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What are the symptoms of sleep apnea?
Sleep apnoea refers to stopping breathing events in sleep. The cause is a narrowing or collapse of the upper airway (breathing tube in the neck) during sleep. When you go to sleep, your muscles relax, including those in your throat. In some people, this causes the airways to narrow.
When the airway narrows, the flow of air ceases and this causes the oxygen level in your blood to fall. The brain is very sensitive to lower oxygen levels and so it wakes you from sleep, activating the muscles in the neck which open the airway, allowing the airflow to start again, so that oxygen levels in the blood are corrected.
Once this has happened, the brain is happy and lets you go back to sleep again. The whole process then repeats. This all happens in a matter of seconds, but stopping breathing can occur 30 or more times an hour, meaning sleep is very disturbed and you feel groggy in the morning and sleepy in the daytime. Nighttime symptoms include snoring, waking up choking or gasping for air and irregular breathing patterns with pauses in breathing during sleep.
Can you die from sleep apnea?
You will not die from an apnoea in sleep, but untreated sleep apnoea syndrome is associated with an increased risk of high blood pressure and cardiovascular disease (strokes and heart attacks), as well as an increased risk of fatal driving accidents.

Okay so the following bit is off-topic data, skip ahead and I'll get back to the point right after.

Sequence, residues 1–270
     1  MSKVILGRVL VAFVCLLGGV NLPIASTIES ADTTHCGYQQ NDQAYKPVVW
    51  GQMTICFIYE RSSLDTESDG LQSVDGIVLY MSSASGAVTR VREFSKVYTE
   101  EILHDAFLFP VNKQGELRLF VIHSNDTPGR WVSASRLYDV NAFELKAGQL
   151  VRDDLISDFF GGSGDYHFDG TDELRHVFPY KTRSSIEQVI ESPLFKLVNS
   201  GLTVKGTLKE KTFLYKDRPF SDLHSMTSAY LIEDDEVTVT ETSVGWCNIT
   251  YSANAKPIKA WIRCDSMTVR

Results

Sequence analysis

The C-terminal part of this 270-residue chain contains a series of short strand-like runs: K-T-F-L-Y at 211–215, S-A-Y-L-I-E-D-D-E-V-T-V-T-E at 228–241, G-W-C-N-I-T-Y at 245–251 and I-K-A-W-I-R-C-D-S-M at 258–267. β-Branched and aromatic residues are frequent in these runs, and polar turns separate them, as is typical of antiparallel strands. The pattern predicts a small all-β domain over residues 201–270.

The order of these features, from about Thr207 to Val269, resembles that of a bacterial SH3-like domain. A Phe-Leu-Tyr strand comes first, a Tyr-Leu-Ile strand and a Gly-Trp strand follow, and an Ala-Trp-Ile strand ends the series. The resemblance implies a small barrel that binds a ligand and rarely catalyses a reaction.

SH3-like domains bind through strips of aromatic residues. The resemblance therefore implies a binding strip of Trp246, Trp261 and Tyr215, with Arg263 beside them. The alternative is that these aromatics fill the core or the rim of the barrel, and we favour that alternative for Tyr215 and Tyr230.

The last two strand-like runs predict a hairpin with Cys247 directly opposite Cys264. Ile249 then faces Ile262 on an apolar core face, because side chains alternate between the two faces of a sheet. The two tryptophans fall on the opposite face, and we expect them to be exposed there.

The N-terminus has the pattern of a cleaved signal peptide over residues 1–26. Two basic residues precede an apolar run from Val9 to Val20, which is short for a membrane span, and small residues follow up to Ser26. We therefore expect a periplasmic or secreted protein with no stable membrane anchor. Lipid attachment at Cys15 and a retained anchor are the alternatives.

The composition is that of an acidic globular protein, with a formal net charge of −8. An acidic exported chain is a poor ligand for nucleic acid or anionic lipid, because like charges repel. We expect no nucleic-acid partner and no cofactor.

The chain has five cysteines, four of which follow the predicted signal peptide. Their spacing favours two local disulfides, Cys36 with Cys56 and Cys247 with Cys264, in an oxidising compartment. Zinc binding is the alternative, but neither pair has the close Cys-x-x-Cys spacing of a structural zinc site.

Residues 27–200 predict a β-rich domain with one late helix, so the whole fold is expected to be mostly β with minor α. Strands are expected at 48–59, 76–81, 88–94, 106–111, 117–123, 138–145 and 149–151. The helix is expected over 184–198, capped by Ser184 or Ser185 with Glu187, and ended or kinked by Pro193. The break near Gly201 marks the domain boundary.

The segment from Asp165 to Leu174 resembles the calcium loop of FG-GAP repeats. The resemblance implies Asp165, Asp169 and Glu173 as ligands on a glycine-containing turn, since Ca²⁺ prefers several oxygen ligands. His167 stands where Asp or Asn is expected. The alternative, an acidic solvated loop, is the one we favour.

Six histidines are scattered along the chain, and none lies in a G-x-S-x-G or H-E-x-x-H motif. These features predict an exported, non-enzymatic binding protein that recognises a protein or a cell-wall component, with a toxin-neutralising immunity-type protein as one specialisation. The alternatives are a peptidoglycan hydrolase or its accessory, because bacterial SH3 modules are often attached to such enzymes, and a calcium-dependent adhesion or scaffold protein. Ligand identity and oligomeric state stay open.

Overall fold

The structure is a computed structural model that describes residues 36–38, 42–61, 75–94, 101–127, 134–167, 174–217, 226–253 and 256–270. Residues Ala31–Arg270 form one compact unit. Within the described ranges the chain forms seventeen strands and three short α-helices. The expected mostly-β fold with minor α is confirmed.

How do you treat sleep apnea?
Sleep apnoea is treated with a device called CPAP (Continuous Positive Airways Pressure) which is a mask-based therapy, worn at night-time, which blows air into the upper airway, holding it open, like blowing into the neck of a balloon. It is highly effective for snoring and sleep apnoea. More mild conditions can sometimes be treated with a mouthguard, called a mandibular advancement splint. If you are overweight, losing weight will also help, as will stopping smoking and avoiding alcohol and sedative drugs.
Can you be cured from sleep apnea?
If sleep apnoea is largely due to being overweight, significant weight loss can help to reduce the severity of sleep apnoea and, in some cases, can eliminate sleep apnoea entirely.
Are there any products that help with sleep apnea, for example firmer pillows?
There is no evidence that using a different mattress or pillow can improve sleep apnoea. If your apnoeas occur predominantly when you lie on your back, sometimes a special wedge can be used to prevent you from rolling onto your back. This is not as effective as CPAP and is only suitable for some individuals.
What would you recommend would be an ideal bedroom environment to get the best night's sleep?
The bedroom should be cool, dark and quiet. Earplugs or white or pink noise apps can help if you live in a particularly noisy area, or shared residence, but should otherwise not be necessary. Similarly, eye masks or blackout blinds can help if you cannot keep the room dark, particularly in the summer months. A comfortable, supportive mattress and pillow will help you remain comfortable through the night, particularly if you have pain or joint issues.
What is your sleep wardrobe?
I keep things as simple as possible: a supportive mattress which is turned and replaced regularly, clean, breathable cotton bedding to help regulate my body temperature overnight and an “all seasons” duvet so that I can reduce the thickness (tog) in the summer months and increase it for additional warmth in the summer.
Sleep Expert, Dr Allie Hare, shares her small tips that can make a huge difference to your sleep. Give them a try and see how you get on.
Dr Alanna Hare is a consultant in respiratory medicine at Royal Brompton Hospital, where she treats private and NHS patients.